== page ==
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  • 1

    Interferon-β induces loss of spherogenicity and overcomes therapy resistance

    of glioblastoma stem cells

    Caroline Happold1, Patrick Roth1, Manuela Silginer1, Ana-Maria Florea4, Katrin

    Lamszus3, Karl Frei2, Rene Deenen4, Guido Reifenberger4,5, Michael Weller1

    1Laboratory of Molecular Neuro-Oncology, Department of Neurology, and

    2Department of Neurosurgery, University Hospital Zurich, Frauenklinikstrasse 26, and

    Neuroscience Center Zurich, 8091 Zurich, Switzerland; 3Laboratory for Brain Tumor

    Biology, Department of Neurosurgery, University Hospital Hamburg-Eppendorf,

    Martinistrasse 52, 20246 Hamburg, Germany; 4Department of Neuropathology (A.F.,

    G.R.) and Center for Biological and Medical Research (R.D.), Heinrich Heine

    University, Düsseldorf, Germany, 5German Cancer Consortium (DKTK), German

    Cancer Research Center (DKFZ), Heidelberg, Germany

    *Correspondence: Prof. Michael Weller, Department of Neurology, University

    Hospital Zurich, Frauenklinikstrasse 26, 8091 Zurich, Switzerland, Tel.: +41 (0)44

    255 5500, Fax: +41 (0)44 255 4507, E-mail: [email protected]

    Running title: Anti-glioma activity of interferon-β

    Keywords: glioma, interferon, MGMT, stem cell, temozolomide, irradiation

    This work was supported by a grant from the Swiss National Science Foundation

    (31003A_130122) to M.Weller.

    on April 3, 2021. © 2014 American Association for Cancer Research. mct.aacrjournals.org Downloaded from

    Author manuscripts have been peer reviewed and accepted for publication but have not yet been edited. Author Manuscript Published OnlineFirst on February 13, 2014; DOI: 10.1158/1535-7163.MCT-13-0772

    http://mct.aacrjournals.org/

  • 2

    Abbreviations

    CNPase, 2', 3'-cyclic nucleotide 3'-phosphodiesterase; DMSO, dimethylsulfoxide;

    EGF, epidermal growth factor; FGF, fibroblast growth factor; FCS, fetal calf serum;

    GAPDH, glyceraldehyde 3-phosphate dehydrogenase; GFAP, glial fibrillary acidic

    protein; GIC, glioma-initiating cells; GO, gene ontology; IFN, interferon; IFNAR,

    interferon receptor; IL, interleukin; JAK, Janus kinase; LTL, long-term cell line; MFL,

    Mega-FAS-ligand; MGMT, O6-methylguanine DNA methyltransferase; MTT, 3-(4,5-

    dimethylthiazol-2-yl)-2,5-diphenyltetrazolium bromide; PBS, phosphate-buffered

    saline; PI, propidium iodide; RMA, robust multi-array analysis; RT-PCR, reverse

    transcriptase PCR; SFI, specific fluorescence intensity; sh, small hairpin; si, small

    interfering; STAT, Signal Transducers and Activators of Transcription; STRING,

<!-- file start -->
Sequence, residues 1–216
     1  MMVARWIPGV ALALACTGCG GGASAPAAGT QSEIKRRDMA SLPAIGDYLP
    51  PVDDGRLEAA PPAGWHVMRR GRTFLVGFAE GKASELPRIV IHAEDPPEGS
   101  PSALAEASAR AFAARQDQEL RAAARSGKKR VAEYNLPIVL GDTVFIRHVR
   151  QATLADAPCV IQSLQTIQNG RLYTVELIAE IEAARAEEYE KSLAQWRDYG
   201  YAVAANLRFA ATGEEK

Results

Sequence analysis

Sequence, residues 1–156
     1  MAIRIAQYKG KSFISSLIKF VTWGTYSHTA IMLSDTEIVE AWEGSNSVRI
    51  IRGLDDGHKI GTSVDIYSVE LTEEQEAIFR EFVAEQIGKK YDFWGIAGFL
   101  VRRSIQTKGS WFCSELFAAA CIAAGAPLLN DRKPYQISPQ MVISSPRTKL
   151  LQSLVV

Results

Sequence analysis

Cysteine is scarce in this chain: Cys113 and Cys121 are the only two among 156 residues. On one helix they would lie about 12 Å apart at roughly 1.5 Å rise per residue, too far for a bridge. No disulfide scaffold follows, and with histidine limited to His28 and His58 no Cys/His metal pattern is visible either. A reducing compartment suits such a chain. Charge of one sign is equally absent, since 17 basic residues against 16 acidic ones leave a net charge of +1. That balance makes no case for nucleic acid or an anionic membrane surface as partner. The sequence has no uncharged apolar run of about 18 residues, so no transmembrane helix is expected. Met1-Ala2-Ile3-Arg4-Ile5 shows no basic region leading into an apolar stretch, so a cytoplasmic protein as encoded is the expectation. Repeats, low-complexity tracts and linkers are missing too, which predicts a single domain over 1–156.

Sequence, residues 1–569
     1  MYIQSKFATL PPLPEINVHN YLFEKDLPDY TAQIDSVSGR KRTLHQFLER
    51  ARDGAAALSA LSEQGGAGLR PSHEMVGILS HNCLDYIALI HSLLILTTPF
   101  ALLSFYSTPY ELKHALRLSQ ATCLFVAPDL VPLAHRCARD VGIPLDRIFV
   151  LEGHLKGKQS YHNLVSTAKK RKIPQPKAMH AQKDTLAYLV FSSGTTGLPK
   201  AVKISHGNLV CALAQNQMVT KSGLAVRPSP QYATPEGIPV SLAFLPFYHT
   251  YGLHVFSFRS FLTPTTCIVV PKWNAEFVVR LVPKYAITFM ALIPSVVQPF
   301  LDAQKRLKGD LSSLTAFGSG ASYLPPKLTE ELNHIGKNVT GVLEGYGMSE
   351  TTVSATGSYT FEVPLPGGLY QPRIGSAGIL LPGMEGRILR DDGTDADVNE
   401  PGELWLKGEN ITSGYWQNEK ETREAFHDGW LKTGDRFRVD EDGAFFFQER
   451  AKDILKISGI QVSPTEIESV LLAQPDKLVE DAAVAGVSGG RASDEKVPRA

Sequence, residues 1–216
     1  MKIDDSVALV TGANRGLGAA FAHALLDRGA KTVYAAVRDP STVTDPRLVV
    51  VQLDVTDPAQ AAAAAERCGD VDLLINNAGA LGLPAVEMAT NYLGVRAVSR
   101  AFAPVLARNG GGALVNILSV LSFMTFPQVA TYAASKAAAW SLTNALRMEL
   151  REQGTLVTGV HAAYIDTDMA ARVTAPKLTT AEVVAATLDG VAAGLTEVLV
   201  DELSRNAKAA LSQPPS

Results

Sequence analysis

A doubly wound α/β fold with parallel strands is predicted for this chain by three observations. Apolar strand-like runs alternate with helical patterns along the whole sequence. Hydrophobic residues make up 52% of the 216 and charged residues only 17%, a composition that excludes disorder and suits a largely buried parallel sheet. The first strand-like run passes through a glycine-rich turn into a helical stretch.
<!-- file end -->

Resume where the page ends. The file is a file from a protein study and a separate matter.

Search Tool for the Retrieval of Interacting Genes/Proteins; STS, staurosporine;

    TMZ, temozolomide; TP53, tumor protein p53; TNFSF10/TRAIL, tumor necrosis

    factor-related apoptosis-inducing ligand; XAF-1, XIAP-associated factor 1; XIAP, X-

    linked inhibitor of apoptosis

    on April 3, 2021. © 2014 American Association for Cancer Research. mct.aacrjournals.org Downloaded from

    Author manuscripts have been peer reviewed and accepted for publication but have not yet been edited. Author Manuscript Published OnlineFirst on February 13, 2014; DOI: 10.1158/1535-7163.MCT-13-0772

    http://mct.aacrjournals.org/

  • 3

    ABSTRACT

    Glioblastoma is the most common malignant brain tumor in adults and characterized

    by a poor prognosis. Glioma cells expressing O6-methylguanine DNA

    methyltransferase (MGMT) exhibit a higher level of resistance towards alkylating

    agents, including the standard of care chemotherapeutic agent, temozolomide (TMZ).

    Here, we demonstrate that long-term glioma cell lines (LTL) as well as glioma-

    initiating cell lines (GIC) express receptors for the immune modulatory cytokine

    interferon (IFN)-β and respond to IFN-β with induction of STAT-3 phosphorylation.

    Exposure to IFN-β induces a minor loss of viability, but strongly interferes with sphere

    formation in GIC cultures. Further, IFN-β sensitizes LTL and GIC to TMZ and

    irradiation. RNA interference confirmed that both IFN-β receptors, R1 and R2, are

    required for IFN-β-mediated sensitization, but that sensitization is independent of

    MGMT or TP53. Most GIC lines are highly TMZ-resistant mediated by MGMT

    expression, but nevertheless susceptible to IFN-β sensitization. Gene expression

    profiling following IFN-β treatment revealed strong up-regulation of IFN-β-associated

    genes including a proapoptotic gene cluster, but did not alter stemness-associated

    expression signatures. Caspase activity and inhibition studies revealed the